SaddleBrooke Fine Arts Guild Artist of the Month – Fran Dorr

Fran Dorr reviews completed work on one of her gallery walls.

LaVerne Kyriss

Fran Dorr says she is an eclectic artist, explaining that she works in acrylic, watercolor, collage and most recently in alcohol inks, thanks to a class from Francis Clark. Her subjects range from abstract to scenic landscapes. “Not from photos, but scenes I create in my mind and then on the page,” she noted.

Dorr grew up in a creative family. Her dad was an art director for an advertising agency. One aunt was a Zeigfeld ballerina. A sister paints and a brother is a writer and journalist. Her first artistic interests were in textiles and paper maché. “I took art classes in community college and I went on with life,” she said. “I continued to take art classes over the years, but never created much beyond class.”

Dorr held a number of positions during her working years, ranging from Peace Corps service in Guatemala to Women, Infants and Children food program director. “I thought you had to have a degree in art to be an artist,” she said, explaining that she’d always had an interest in art, but hadn’t really pursued it. Dorr’s sister further encouraged her, explaining that all you have to do is paint and that art doesn’t have to be photographic.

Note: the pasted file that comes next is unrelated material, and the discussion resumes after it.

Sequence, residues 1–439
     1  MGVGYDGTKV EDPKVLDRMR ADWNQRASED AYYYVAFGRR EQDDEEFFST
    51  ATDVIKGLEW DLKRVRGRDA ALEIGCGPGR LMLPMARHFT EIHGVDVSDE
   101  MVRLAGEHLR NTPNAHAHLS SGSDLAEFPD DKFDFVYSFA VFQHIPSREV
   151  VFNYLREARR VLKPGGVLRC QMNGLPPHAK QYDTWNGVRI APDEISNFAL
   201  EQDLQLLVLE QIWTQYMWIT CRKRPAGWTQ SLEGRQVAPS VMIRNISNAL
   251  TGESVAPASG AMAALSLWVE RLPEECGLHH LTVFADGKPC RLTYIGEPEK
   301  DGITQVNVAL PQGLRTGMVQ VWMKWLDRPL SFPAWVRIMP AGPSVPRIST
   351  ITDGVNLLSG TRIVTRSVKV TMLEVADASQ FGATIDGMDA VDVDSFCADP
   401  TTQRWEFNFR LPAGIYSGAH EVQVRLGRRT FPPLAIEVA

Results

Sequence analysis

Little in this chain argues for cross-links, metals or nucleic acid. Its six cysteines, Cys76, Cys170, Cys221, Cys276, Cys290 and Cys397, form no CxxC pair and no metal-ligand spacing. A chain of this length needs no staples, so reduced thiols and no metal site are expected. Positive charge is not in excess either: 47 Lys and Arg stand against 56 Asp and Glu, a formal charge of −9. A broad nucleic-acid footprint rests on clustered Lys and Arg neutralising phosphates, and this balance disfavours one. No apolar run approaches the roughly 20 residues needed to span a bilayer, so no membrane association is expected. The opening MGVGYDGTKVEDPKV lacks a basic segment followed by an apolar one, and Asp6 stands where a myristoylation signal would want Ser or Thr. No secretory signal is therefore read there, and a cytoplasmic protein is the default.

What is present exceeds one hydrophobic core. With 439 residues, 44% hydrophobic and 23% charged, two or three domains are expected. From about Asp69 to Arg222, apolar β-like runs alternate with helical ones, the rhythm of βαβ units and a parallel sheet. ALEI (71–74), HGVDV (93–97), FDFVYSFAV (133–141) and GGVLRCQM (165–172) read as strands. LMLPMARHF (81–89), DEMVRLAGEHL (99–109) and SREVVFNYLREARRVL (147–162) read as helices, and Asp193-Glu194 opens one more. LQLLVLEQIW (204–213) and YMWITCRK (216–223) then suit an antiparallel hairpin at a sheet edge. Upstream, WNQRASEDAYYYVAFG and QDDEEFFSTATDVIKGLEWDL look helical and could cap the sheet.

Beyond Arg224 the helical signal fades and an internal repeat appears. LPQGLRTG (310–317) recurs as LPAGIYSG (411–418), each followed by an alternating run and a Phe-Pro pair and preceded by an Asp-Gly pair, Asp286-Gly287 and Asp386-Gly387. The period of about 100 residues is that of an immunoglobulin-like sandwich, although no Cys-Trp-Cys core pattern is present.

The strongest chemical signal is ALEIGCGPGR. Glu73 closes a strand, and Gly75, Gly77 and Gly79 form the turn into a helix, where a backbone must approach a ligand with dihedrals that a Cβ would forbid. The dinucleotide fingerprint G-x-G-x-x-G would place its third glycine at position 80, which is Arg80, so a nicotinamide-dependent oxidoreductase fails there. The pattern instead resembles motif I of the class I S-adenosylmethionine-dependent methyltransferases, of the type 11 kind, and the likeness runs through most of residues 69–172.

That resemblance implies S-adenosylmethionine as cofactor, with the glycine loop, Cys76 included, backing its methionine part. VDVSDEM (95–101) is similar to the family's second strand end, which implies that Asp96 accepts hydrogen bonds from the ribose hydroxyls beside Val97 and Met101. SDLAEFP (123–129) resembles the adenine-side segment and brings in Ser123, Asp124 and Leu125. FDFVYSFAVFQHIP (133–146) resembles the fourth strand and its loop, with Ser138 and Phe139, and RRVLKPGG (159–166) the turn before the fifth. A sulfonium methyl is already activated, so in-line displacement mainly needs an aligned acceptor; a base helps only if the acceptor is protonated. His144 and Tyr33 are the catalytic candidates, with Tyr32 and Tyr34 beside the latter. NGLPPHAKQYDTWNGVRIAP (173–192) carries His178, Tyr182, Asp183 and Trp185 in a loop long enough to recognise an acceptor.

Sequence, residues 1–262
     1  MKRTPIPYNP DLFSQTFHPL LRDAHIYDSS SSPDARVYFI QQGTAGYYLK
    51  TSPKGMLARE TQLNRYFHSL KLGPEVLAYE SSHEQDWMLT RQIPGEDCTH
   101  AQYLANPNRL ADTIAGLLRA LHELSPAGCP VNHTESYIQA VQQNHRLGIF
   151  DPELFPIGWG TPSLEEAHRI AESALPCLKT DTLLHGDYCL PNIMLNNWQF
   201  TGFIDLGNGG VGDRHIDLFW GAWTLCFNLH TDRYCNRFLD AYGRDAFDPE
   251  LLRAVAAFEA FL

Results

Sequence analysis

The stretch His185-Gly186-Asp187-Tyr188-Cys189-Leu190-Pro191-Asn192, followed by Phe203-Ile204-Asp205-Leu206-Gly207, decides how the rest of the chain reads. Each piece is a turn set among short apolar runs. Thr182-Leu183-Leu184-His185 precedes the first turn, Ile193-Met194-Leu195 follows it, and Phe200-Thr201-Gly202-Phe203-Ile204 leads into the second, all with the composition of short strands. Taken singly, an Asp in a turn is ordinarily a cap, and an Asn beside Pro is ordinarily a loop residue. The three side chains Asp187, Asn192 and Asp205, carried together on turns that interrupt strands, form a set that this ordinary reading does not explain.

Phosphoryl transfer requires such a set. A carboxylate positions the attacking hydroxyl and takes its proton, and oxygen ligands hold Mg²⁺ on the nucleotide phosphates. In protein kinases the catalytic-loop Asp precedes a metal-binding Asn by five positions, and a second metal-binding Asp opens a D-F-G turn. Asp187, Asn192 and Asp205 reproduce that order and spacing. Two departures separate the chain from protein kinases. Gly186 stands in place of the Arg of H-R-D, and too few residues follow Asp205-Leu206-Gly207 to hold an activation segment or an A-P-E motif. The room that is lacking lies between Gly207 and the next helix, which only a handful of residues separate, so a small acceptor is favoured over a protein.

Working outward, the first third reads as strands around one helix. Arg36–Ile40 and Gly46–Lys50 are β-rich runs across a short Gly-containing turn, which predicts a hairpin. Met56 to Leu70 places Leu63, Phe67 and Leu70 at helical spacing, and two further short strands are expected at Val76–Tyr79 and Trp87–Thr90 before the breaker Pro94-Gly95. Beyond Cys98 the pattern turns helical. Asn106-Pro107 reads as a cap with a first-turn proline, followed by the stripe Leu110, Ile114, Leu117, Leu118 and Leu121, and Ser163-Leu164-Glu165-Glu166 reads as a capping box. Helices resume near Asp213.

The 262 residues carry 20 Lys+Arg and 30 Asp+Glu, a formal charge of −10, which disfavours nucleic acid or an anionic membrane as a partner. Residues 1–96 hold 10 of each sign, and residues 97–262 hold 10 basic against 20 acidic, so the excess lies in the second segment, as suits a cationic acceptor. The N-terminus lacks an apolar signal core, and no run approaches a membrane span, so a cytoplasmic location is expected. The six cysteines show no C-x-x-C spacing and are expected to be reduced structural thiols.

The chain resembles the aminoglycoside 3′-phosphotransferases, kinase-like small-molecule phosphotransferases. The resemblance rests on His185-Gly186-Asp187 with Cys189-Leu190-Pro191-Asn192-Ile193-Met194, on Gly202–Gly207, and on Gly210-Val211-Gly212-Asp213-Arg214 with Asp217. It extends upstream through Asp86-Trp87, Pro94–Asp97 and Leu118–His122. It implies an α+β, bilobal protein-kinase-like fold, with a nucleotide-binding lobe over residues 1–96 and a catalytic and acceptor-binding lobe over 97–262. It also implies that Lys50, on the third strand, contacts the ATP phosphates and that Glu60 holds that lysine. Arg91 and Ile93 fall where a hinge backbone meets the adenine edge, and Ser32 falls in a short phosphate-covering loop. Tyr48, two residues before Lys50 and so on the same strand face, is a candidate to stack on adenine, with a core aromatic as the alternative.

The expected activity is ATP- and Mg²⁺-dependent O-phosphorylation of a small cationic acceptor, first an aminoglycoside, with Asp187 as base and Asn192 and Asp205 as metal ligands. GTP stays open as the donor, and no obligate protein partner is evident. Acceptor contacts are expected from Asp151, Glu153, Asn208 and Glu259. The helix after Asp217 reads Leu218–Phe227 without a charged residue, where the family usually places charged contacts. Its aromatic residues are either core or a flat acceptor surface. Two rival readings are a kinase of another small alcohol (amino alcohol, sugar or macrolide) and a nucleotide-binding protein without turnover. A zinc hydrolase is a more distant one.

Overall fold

After moving to SaddleBrooke in 2007, Dorr began taking classes through the Art Guild and started exhibiting her work in 2010. “Robbie Summers encouraged me to spread my wings. I took a class in the summer through the Guild and learned to cut mats,” she remembered. “I then sold a painting at my first show and have never looked back.”

“Moving to Arizona gave me inspiration. There’s so much history, culture and energy here,” she said. “The topography, turquoise skies, animal life and the purity of the land are spiritual to me. I can imagine the landscapes before people inhabited the planet.”

“I’m pretty spontaneous in my work. Sometimes I work on a series of three or four pieces using the same color palette. Or I work on multimedia pieces incorporating gel mediums for texture, tissue, found objects,” she said. “Alcohol inks—another love—produce a very pure pigment but they aren’t forgiving in the way that acrylics are.”

Dorr offers this advice for aspiring artists, “Don’t let fear of not being good enough hold you back. Start with beginning classes. Learn the basics of drawing, composition, color, technique in various mediums. Go to art shows and galleries. Discover what you like. Be open to what draws your eye. Figure out what catches your attention.”

“I love to paint, play with light and create work that draws the viewer into the painting, but I also love to work with fabrics and fiber. I make dolls and both traditional and art quilts,” she added.

“Don’t be afraid to think outside the box or the canvas,” she summed up. “Don’t limit yourself to one medium or even one kind of art. You can be a painter, sculptor, jeweler, quilter. Just let go and enjoy the creative process.”